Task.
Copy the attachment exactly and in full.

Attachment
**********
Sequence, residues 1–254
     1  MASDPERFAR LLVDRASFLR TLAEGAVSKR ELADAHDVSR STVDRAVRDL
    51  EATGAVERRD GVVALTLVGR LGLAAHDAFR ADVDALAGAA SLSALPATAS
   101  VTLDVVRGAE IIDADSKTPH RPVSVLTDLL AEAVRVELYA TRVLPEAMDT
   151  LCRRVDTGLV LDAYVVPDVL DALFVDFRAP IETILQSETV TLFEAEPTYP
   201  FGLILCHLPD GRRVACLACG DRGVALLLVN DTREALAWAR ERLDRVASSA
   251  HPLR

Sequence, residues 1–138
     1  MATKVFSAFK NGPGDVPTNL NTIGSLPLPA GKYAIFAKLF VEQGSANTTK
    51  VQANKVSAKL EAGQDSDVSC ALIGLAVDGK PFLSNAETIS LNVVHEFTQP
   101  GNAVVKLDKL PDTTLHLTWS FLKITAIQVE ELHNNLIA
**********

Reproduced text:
Sequence, residues 1–254
     1  MASDPERFAR LLVDRASFLR TLAEGAVSKR ELADAHDVSR STVDRAVRDL
    51  EATGAVERRD GVVALTLVGR LGLAAHDAFR ADVDALAGAA SLSALPATAS
   101  VTLDVVRGAE IIDADSKTPH RPVSVLTDLL AEAVRVELYA TRVLPEAMDT
   151  LCRRVDTGLV LDAYVVPDVL DALFVDFRAP IETILQSETV TLFEAEPTYP
   201  FGLILCHLPD GRRVACLACG DRGVALLLVN DTREALAWAR ERLDRVASSA
   251  HPLR

Sequence, residues 1–138
     1  MATKVFSAFK NGPGDVPTNL NTIGSLPLPA GKYAIFAKLF VEQGSANTTK
    51  VQANKVSAKL EAGQDSDVSC ALIGLAVDGK PFLSNAETIS LNVVHEFTQP
   101  GNAVVKLDKL PDTTLHLTWS FLKITAIQVE ELHNNLIA